We had only gone as far as a few hundred meters when a black cat ran across our path. Everyone decided to go back, because this is a bad sign. My entreaties didn't help. The decision was categorical. I took it as a personal failure. Especially with the first mission, that I, a Jew, should have such a disgrace. This would be a mark against me forever.
I decided to call a volunteer to assist me and have the rest return to the base. A volunteer immediately stepped forward. He was none other than a Jewish lad from Minsk, Nisinyevich, who in 1944 perished heroically.
We both waited, spending the night in a stall. The next night we arrived at the designated place. I placed the mine. It blew up the signal light and simultaneously put down two trains that happened to be going in different directions. This held up all movement on both lines for two full days.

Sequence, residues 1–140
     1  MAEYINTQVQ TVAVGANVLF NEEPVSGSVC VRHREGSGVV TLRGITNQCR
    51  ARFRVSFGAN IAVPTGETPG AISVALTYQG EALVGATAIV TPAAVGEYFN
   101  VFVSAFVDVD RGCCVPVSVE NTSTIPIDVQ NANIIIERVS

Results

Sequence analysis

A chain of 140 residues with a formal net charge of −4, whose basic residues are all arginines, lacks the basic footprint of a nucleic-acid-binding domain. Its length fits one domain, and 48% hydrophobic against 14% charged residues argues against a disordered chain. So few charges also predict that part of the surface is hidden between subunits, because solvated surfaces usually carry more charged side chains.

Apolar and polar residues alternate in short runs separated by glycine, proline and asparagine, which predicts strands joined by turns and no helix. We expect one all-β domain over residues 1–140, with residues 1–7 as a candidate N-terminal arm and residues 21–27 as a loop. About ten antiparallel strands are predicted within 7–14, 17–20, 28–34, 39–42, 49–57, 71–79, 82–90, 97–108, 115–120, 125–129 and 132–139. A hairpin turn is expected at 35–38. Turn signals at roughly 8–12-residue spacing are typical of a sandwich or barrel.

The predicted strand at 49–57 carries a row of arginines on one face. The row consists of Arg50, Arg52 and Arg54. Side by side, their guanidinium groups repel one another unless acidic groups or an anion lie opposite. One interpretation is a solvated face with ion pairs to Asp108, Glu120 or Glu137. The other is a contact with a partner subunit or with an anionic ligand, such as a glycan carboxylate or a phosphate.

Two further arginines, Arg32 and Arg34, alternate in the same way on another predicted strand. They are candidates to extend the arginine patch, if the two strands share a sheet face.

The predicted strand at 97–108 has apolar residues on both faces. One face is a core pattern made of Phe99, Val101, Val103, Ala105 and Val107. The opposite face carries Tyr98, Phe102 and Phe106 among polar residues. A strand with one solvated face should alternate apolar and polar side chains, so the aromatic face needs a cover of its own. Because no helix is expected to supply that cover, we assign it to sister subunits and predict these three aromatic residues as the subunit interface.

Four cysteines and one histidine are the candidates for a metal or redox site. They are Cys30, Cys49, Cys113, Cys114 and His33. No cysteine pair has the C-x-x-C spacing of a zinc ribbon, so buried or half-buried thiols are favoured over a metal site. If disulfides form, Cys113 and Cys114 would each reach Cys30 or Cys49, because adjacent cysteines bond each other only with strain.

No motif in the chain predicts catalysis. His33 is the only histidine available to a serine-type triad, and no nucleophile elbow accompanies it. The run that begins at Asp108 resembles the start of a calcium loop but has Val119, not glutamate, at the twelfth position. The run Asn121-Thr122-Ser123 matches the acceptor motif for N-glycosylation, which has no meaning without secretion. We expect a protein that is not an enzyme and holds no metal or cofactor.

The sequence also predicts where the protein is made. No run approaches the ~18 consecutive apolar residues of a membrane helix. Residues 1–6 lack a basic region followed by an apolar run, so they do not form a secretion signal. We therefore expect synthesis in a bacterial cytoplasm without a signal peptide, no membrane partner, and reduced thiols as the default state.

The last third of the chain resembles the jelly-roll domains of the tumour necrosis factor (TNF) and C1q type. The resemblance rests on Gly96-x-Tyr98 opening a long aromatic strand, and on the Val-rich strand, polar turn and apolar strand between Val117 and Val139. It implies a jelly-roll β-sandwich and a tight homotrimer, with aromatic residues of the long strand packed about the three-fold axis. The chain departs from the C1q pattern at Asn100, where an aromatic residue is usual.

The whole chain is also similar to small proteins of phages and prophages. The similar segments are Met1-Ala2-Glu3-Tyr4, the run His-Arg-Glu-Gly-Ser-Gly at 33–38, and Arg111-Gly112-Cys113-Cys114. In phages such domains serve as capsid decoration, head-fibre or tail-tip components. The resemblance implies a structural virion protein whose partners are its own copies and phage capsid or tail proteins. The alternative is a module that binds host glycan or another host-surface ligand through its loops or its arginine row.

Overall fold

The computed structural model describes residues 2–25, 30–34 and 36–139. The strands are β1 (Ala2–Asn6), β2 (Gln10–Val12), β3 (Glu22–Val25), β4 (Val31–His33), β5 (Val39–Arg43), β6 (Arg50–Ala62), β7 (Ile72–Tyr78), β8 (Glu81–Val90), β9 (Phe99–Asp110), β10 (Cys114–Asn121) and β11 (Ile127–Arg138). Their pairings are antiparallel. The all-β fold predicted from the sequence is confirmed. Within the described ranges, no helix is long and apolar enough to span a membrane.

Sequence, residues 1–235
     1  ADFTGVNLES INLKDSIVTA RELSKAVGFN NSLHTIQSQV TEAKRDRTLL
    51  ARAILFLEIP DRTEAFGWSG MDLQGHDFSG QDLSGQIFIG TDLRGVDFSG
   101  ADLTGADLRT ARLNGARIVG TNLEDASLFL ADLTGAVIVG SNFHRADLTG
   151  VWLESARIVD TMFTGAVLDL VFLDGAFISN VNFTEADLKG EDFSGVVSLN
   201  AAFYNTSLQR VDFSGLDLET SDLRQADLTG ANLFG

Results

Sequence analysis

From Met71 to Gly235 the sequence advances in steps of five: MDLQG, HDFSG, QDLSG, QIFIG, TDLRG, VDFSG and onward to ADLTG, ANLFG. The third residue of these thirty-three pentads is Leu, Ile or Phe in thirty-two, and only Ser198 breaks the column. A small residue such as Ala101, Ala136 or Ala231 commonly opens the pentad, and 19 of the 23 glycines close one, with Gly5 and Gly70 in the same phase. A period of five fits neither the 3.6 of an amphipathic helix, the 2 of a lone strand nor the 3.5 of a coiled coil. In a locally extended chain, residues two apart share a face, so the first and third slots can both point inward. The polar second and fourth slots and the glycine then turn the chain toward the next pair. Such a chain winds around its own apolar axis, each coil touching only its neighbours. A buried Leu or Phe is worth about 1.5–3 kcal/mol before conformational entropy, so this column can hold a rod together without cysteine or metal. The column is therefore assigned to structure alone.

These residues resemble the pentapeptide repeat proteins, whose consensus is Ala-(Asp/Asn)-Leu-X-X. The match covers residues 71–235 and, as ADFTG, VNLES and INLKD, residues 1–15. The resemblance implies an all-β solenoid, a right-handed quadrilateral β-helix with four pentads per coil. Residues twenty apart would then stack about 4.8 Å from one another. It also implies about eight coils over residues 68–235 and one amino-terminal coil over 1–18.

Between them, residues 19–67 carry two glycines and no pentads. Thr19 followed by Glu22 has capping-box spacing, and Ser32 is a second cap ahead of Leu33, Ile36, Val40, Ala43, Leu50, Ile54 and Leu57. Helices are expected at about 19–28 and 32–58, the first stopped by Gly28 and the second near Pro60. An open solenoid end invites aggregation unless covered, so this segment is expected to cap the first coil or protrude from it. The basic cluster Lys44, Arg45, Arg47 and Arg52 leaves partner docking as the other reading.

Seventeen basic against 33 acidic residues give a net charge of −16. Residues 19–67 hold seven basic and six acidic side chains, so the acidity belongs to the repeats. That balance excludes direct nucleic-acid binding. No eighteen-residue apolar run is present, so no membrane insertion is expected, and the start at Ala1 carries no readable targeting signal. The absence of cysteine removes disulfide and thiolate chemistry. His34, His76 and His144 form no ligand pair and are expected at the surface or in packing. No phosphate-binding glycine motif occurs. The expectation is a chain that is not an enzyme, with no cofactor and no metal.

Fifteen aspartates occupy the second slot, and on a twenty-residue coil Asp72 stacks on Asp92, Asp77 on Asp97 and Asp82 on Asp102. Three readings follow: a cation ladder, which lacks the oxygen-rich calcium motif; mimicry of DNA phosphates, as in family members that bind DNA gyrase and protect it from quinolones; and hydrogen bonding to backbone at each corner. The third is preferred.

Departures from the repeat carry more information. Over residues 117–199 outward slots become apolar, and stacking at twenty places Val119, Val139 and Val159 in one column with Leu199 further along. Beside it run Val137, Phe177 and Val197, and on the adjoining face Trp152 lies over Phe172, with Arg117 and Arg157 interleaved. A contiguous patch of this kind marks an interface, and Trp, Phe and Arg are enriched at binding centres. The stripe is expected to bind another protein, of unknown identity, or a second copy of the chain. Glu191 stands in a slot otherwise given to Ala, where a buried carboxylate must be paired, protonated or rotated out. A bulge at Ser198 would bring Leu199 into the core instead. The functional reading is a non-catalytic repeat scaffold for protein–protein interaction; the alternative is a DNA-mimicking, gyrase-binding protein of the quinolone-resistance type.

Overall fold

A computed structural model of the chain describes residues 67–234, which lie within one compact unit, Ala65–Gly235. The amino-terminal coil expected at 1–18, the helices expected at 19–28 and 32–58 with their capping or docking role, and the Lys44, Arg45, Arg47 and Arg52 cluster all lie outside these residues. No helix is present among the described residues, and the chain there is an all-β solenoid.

The upshot was first; the Jew in us won respect. Second, two locomotives were destroyed, 24 wagons loaded with tanks and trucks. Around 85 Germans were killed or seriously injured.
I was assigned to a sabotage group of five people. Our mission was to blow up trains, bridges, factories, automobiles, and so forth. Most of the operations were carried out in the Minsk region.
Our small group noted in the first year of its activities: 28 downed trains, destruction of more than 50 bridges (among them the Sosenk Bridge over the Vilya), around 200 trucks, two tanks, an alcohol factory, more than ten mansions with surrounding grounds which Germans occupied and ran farming, a dozen mills, tractors and a large number of warehouses where the Germans stored food.
In 1943 I became the commander of the military intelligence division, and until 1944 was involved with obtaining secret information about the movements of the Germans in the area.